Earlier this month, outdoors reporter Eric Burnley wrote a column for the Cape Gazette, which covers the Delaware Capes Region, on the good Memorial Day weekend fishing,
His column was mostly about weekend catches, but at the end of the column, there was a report that caught the eye of some folks who are advocates of more reasonable beach access at the Cape Hatteras National Seashore.
It seems that on May 29, Burnley attended the launch of the Delaware Bayshore Initiative.
“The Delaware Bayshore Initiative,” he wrote, “is a program that brings together local, state and federal governments along with private citizens and organizations such as Delaware Wildlands, the Nature Conservancy and Ducks Unlimited in an effort not just to protect the delicate habitat, but to provide access to the area for fishermen, hunters and nonconsumptive users like bird watchers and kayakers.”
He got to ask the dignitaries who attended some questions.
He asked Secretary of the Interior Ken Salazar about the restriction of access at Cape Hatteras National Seashore and Biscayne Bay in Florida and how that fit in with plans to open up more lands and waters for recreational use.
“His reply indicated he was not familiar with either of these areas, but protecting habitat had to be balanced with public access,” Burnley wrote.
The Secretary of the Interior, the boss of National Park Service Director Jonathan Jarvis, is not familiar with the Cape Hatteras National Seashore and the access issues here?
I found this a rather astounding pronouncement by Salazar.
Now, I don’t believe for a minute that the Secretary has been sitting in his office reading the voluminous Cape Hatteras National Seashore Off-Road Vehicle Management Plan and Environmental Impact Statement.
But maybe an assistant sent him a memo or some sort of briefing?
I doubt he has plowed through the various lawsuits that have been filed again him, his department, and the Park Service over the plan.
But maybe someone sent him a memo about them?
He probably doesn’t read all of the letters that have come to him about access at the seashore, but maybe he noticed the February, 2011 letter to him from three members of the North Carolina Congressional delegation.
A joint letter from U.S. Rep. Walter Jones, R-N.C., and U.S. Sens. Richard Burr, a Republican, and Kay Hagan, a Democrat, asked him to ensure that a final ORV plan “would maximize public access to extent permissible under the law.” The three page letter was also addressed to Jacob Lew, director of the Office of Budget and Management.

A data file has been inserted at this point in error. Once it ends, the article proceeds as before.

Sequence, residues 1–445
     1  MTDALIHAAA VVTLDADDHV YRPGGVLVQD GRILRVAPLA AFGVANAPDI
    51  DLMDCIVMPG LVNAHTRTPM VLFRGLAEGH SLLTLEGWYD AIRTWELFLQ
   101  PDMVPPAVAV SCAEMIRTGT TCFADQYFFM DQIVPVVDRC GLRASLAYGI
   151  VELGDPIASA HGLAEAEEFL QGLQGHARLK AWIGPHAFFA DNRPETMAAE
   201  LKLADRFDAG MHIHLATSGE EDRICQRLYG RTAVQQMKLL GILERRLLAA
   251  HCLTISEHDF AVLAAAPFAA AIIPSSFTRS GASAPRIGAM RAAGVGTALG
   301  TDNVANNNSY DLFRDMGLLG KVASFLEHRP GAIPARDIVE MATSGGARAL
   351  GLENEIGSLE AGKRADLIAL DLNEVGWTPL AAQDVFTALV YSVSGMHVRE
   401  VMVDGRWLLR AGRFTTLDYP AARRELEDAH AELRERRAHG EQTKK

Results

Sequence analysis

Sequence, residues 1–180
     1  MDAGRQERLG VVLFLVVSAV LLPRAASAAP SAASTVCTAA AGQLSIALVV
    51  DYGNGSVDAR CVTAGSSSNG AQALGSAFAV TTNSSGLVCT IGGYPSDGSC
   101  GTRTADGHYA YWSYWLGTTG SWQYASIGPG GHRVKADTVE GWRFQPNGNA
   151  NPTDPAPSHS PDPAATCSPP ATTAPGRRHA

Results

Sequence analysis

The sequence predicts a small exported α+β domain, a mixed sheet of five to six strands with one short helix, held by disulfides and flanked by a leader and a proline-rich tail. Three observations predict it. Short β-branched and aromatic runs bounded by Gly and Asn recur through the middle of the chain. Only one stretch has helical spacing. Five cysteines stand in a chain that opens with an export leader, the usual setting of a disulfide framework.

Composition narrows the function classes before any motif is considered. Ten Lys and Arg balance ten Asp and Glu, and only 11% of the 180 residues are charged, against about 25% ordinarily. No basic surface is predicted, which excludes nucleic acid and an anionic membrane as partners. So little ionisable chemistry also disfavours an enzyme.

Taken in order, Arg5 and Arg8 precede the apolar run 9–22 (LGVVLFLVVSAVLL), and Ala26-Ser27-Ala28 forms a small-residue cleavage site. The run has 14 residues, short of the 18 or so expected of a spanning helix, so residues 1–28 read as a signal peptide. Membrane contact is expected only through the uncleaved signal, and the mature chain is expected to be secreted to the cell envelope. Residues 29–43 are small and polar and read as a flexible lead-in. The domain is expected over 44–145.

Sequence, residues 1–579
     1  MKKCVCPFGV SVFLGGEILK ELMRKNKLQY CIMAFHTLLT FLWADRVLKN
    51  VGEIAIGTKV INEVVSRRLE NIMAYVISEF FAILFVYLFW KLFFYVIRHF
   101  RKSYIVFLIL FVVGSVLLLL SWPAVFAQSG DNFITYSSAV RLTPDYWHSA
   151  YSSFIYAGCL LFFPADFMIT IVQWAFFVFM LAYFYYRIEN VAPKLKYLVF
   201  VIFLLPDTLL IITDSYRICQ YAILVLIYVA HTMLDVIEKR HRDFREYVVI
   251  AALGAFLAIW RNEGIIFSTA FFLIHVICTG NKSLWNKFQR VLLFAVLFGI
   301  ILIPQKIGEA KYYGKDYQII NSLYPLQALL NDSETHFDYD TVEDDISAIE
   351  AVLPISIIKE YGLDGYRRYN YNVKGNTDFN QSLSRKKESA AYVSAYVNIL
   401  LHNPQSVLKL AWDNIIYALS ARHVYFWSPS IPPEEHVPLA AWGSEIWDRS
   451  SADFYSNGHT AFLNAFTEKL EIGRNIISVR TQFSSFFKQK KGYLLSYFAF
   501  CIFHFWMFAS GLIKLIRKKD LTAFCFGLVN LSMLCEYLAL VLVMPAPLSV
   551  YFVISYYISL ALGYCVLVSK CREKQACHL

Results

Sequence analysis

Earlier this spring, Florida Senators Bill Nelson and Marco Rubio wrote a letter to him about access at Biscayne National Park and Cape Hatteras National Seashore – just before the U.S. House of Representative Subcommittee on National Parks, Forests, and Federal Lands had an oversight hearing on access to parks.
I was so surprised by what Secretary Salazar had to say that I called Eric Burnley to make sure he reported his encounter correctly.
Burnley is an experienced fishing writer and angler who is very familiar with the seashore and its access problems.
And, yes, he says he got it right.
“It’s just not important to him,” Burnley said.
In fact, Burnley thinks the issue isn’t very important outside of Cape Hatteras. He’s right that the issue has not gotten much national coverage.
He is sympathetic to the problems, but said, “You are just on the losing end of a bad situation.”
So, I guess we are left to our own interpretation of Salazar’s remarks.
Is he lying? Stretching the truth a little so he doesn’t have to address any specifics?
Is he really not “familiar” with the situation at Cape Hatteras? And what does “familiar” mean to him?
I tried an Internet search to see if I could find any Salazar quotes on Cape Hatteras but could not.
Maybe some of you readers can.
And what do you think he meant when he said he was not familiar with Cape Hatteras National Seashore?
RIP CURRENT FORECAST
This week, the Island Free Press began linking to the National Weather Service’s Rip Currents Hazards page.
This rip current forecast is a relatively new product of the National Weather Service, and for our region, it is produced by the office in Newport, N.C., and issued daily.
It has a great graphic with the rip current threat for the North Carolina Coast highlighted in various colors for low, moderate, and high.
It also has tips for identifying rip currents, safety tips, and tells you exactly what to do if you are caught in a rip.
Rip currents are powerful, channeled currents of water flowing away from shore. They typically extend from the shoreline, through the surf zone, and past the line of breaking waves. Rip currents can occur at any beach with breaking waves.
Many people worry about such things as shark attacks when they come to the beach, but they sometimes don’t pay attention to the biggest killer of swimmers here at the seashore – drowning. And most of the drowning deaths here involve rip currents.
Click on the yellow tab at the top of the Front page on the right side before you go to the beach.
Learn about rip currents and how to protect yourself and your family and friends.
For more information about rip currents and a personal story of one family’s heartbreak over a drowning on Hatteras and their response, go to http://islandfreepress.org/2008Archives/06.20.2008OceanSafety.html
CAPE HATTERAS IS THIRD IN TOP FISHING TOWN CONTEST
Cape Hatteras has placed third in the World Fishing Network’s 2012 contest to name the Ultimate Beach Town.
First place winner was Olcott Beach, N.Y., and second place went to Waddington, N.Y.
For placing third, WFN will make a $2,500 community donation.
Read more about the contest and what folks said about Cape Hatteras at http://www.worldfishingnetwork.com/uft/winners.php